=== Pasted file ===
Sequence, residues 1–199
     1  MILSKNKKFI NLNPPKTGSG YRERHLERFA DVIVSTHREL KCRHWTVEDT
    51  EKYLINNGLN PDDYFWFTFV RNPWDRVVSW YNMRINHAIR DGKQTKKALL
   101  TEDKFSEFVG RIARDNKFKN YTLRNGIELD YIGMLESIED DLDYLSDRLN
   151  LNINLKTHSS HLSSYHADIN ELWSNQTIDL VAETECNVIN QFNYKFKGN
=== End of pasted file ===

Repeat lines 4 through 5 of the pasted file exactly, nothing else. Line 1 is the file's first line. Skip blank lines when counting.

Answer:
   101  TEDKFSEFVG RIARDNKFKN YTLRNGIELD YIGMLESIED DLDYLSDRLN
   151  LNINLKTHSS HLSSYHADIN ELWSNQTIDL VAETECNVIN QFNYKFKGN